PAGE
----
3 items from 2013
Come Out and Play, 2012
Written and directed by Makinov
A couple take a vacation to a remote island - their last holiday together before they become parents. Soon after their arrival, they notice that no adults seem to be present - an observation that quickly presents a nightmarish reality.
Remaking the 1976 cult classic Who Can Kill a Child?, the "mysterious" Makinov does a pretty basic 'cut and paste' job of the original movie into a 21st century setting with Come Out and Play. While many have labelled this a failure for following the Gus Van Saant Psycho approach, I think there is some good to be found in this remake.
For starters, Makinov creates a really good atmosphere with a foreboding sense of doom that is genuinely unnerving and some of his shot choices of the children watching are very unsettling. The music »
This is John Krasinski’s time to shine on the big screen. Best known for his role as Jim Halpert on The Office, Krasinski actually graduated as a playwright with honors from Brown University and makes his screenwriting debut with Promised Land.
Krasinski took an original story written by Dave Eggers, writer of Away We Go (which Krasinski starred in) and Where the Wild Things Are, to his good chum, Oscar-winning screenwriter/star Matt Damon, and the two banged out a heartfelt film with an environmental message.
Kransinski and Damon both star (as well as co-produce) and are joined by a stellar cast including Oscar-winner Frances McDormand (Moonrise Kingdom, Fargo); Rosemarie DeWitt (Rachel Getting Married, Company Men), Scoot McNairy (Monsters) and Hal Holbrook (Into the Wild, Water for Elephants). Focus Features and director Gus Van ...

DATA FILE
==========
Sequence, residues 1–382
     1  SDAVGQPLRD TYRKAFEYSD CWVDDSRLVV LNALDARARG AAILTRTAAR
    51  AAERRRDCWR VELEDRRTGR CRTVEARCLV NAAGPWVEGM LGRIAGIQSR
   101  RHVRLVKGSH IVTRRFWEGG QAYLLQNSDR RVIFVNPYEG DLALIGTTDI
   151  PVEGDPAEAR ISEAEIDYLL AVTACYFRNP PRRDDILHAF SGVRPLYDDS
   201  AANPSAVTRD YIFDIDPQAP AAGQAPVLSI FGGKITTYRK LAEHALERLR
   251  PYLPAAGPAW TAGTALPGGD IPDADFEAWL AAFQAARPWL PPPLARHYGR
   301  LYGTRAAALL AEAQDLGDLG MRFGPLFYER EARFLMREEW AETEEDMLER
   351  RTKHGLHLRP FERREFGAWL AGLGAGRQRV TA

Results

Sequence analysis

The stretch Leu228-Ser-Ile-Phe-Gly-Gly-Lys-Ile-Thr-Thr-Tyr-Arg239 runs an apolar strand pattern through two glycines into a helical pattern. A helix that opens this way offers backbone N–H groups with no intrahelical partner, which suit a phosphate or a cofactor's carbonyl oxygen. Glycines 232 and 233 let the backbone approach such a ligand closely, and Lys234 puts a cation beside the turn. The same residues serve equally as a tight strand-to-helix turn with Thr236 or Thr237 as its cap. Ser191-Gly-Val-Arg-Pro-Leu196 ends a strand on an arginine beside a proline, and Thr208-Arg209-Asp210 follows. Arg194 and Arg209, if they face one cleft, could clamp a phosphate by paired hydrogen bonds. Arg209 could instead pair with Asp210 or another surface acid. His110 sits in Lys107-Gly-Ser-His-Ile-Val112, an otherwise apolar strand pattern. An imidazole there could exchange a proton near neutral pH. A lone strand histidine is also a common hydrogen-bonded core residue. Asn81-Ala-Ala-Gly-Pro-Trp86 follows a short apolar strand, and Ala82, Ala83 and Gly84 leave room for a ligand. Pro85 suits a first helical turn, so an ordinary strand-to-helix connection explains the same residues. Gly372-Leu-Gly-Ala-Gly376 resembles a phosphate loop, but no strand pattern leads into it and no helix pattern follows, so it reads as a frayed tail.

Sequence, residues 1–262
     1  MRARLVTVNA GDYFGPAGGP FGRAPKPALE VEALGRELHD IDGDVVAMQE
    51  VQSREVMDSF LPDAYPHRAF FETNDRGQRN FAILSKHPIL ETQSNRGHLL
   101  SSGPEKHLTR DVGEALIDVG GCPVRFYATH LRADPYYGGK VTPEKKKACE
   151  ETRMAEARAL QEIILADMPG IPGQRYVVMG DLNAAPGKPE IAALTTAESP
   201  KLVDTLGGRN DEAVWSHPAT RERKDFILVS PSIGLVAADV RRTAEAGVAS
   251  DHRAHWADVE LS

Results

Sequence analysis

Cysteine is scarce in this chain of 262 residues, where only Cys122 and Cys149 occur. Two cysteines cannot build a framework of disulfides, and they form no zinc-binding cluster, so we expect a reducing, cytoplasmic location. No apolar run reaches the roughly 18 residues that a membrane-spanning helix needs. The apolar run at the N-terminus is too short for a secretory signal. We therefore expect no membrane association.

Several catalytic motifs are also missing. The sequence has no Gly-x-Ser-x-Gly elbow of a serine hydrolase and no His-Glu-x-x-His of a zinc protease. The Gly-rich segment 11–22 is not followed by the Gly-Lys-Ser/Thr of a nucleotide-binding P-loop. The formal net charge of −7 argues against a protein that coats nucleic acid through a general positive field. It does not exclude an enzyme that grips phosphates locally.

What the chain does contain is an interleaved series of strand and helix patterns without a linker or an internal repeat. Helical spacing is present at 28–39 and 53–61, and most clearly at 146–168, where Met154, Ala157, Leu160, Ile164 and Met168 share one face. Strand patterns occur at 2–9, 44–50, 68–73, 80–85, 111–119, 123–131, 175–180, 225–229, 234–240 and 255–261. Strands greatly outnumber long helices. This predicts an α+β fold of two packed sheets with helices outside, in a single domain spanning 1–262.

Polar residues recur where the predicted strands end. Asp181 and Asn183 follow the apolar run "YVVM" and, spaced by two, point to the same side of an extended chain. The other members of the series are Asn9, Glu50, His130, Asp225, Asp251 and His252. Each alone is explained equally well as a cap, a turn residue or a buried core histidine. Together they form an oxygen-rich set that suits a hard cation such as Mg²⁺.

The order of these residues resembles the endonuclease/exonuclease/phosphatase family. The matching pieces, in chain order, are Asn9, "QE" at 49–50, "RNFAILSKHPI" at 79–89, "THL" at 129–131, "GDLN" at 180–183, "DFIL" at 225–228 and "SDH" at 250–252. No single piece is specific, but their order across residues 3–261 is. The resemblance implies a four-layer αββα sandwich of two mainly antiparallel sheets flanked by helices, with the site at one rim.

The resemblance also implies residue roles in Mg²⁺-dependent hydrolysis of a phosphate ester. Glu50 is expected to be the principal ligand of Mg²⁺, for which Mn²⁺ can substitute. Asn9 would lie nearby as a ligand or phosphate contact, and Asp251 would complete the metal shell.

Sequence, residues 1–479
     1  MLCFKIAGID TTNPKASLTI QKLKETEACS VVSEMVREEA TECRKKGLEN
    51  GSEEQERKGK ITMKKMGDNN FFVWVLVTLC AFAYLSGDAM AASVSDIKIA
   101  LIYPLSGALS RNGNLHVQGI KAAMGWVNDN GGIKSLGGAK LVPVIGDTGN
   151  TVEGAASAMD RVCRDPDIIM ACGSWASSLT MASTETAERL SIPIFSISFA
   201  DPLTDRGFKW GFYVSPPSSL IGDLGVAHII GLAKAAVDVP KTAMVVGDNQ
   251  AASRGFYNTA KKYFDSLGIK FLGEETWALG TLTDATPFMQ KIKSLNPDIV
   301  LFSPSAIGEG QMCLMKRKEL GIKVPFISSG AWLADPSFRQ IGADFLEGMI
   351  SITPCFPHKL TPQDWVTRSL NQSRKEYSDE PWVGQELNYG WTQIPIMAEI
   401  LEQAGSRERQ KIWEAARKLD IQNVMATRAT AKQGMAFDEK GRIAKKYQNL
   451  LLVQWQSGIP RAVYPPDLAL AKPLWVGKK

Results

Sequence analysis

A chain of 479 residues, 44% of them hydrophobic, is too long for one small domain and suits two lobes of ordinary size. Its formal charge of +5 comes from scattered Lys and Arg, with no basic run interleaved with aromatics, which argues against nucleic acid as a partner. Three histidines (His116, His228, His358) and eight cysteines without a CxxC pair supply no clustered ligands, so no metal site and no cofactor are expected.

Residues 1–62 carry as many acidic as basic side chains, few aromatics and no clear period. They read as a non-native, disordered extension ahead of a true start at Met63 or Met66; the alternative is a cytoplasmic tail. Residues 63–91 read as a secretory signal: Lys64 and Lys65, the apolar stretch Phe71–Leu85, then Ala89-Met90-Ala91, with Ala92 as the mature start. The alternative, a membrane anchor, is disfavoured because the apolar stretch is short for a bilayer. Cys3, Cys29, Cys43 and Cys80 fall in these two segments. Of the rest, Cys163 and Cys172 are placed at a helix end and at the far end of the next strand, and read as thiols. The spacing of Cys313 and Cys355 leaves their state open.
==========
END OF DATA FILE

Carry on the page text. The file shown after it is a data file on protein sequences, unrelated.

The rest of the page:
- Tiffany Rose
This weekend sees the wide releases of J.A. Bayona's well-received, heart-tugging tsunami drama "The Impossible," starring Naomi Watts and Ewan McGregor, and of Gus Van Sant's divisive fracking drama "Promised Land," starring co-screenwriters Matt Damon and John Krasinski. Michael Apted's "56 Up," the most recent installment in his documentary series following Brit everypeople from age seven onwards, is getting glowing reviews from critics, while Kelly Anderson's gentrification examination "My Brooklyn" is also sitting well on the Tomatometer. Spare yourself from "Texas Chainsaw 3D." "The Impossible" Dir. Juan Antonio Bayona, Spain | Summit | Cast: Naomi Watts, Ewan McGregor, Tom Holland | 79% Fresh | Time: "I hesitate to use this term, since it is so often equated with hokey, but The Impossible is life-affirming." | Toh! Interviews Watts and McGregor. "Promised Land" Dir. Gus Van »
- Beth Hanna
3 items from 2013
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